I was recently in Sierra Leone and Liberia to record a series of podcasts for AGI. The things I saw ranged from the jaw-dropping beauty of dawn on the road out of Freetown to the gut-wrenching destitution of the poorest residents of Monrovia. Yet it was something much more ordinary that provoked a range of bewilderment and disbelief in me as the towns and villages went by. I can’t be the only one who has laughed and almost cried at some of the ludicrous signs erected by development agencies on roadsides around the world. Call me a communications geek but some of these signs are physical embodiments of the worst gobbledegook tendencies of the aid industry.
But why do a few pointless or ineffective signs matter? Well in rural Montserrado one group of locals refer to their hometown as ‘low cost village’ named after an otherwise long forgotten UN-led agriculture project. Jargon has taken root in the real world.
It’s easy to laugh and often we should – but behind the humour lies wasted money and wasted opportunities to address real problems.
I saw four types of signs on my trip but I’m willing to bet there are more.
First are the development partner public information efforts. Many of these are rusty and outdated but by no means all. One sign sporting a Christian Aid logo (among others) features a picture of a parrot, a crab and a tilapia and exhorts Sierra Leoneans to ‘stop destroying our lives’ but offers no clue as to how. A UN Women billboard warns against under-age sex and tries to make use of imagery as well as text to get its point across but largely fails. Text is after all a questionable communications tactic in a country where over a third of adults can’t read.
Second is the project recognition sign, usually stationed beside a piece of infrastructure and emblazoned with a donor logo or national flag. Ok so these signs are not really for the benefit of the local population, they probably exist more the benefit of development partners but still, they are a waste of money. I’ve heard tell of significant five figure sums being spent on consultants drafted in by donors to brand public infrastructure projects. Ok, there’s also a serious purpose to some of these signs, one associate wishes we had more of them here in the UK to point out the contribution of the EU coffers to the UK’s infrastructure but we’re probably some way off a referendum on the future of aid flows to any developing country.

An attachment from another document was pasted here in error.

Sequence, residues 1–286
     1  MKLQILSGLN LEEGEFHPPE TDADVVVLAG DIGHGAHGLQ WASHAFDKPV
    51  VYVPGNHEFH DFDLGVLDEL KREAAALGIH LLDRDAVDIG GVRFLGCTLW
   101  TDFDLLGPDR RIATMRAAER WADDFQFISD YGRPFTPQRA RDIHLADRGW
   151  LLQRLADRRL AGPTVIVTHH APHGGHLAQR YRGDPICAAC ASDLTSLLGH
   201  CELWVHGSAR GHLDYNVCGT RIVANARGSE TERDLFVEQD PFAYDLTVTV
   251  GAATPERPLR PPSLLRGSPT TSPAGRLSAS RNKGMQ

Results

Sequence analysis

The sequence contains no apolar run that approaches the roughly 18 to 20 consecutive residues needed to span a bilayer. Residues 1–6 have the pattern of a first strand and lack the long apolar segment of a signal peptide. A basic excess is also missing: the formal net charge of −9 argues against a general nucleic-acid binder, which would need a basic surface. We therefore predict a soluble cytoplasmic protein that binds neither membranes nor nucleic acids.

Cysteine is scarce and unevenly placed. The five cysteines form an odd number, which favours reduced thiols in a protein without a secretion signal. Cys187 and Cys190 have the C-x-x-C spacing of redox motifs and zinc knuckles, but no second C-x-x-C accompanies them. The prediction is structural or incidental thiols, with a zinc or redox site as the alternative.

Third is the government commissioned public information sign. These are often really bad. Some
look like development project bid documents painted freehand onto a sheet of a metal, others extol the virtue of ‘capacity building’ and other such development clichés.
Fourth and final were the more recent public health adverts aimed at stopping the spread of Ebola. Many of these are much better, making strong use of images and conveying concrete messages not abstract ideas about corruption or climate change.
I haven’t worked for the sort of organisation that would get involved in public information projects like these but I’d be interested to hear from people who have. It’s possible these signs don’t cost much money, or all the examples that piqued my curiosity are out of date. Perhaps they’re proven to work and I’m just being cantankerous or maybe those communications-savvy staff attempting to address the issue are downtrodden and overruled. There’s lots to be learned from advertising agencies and other communication experts about how to get messages across. Surely we can do better than this?
Over to you: send me [dgreen[at]oxfam.org.uk] your photos of terrible aid signs, and a line on why you hate it, and we’ll have a vote. I suspect there are a lot worse than these ones sitting out there by the roadsides.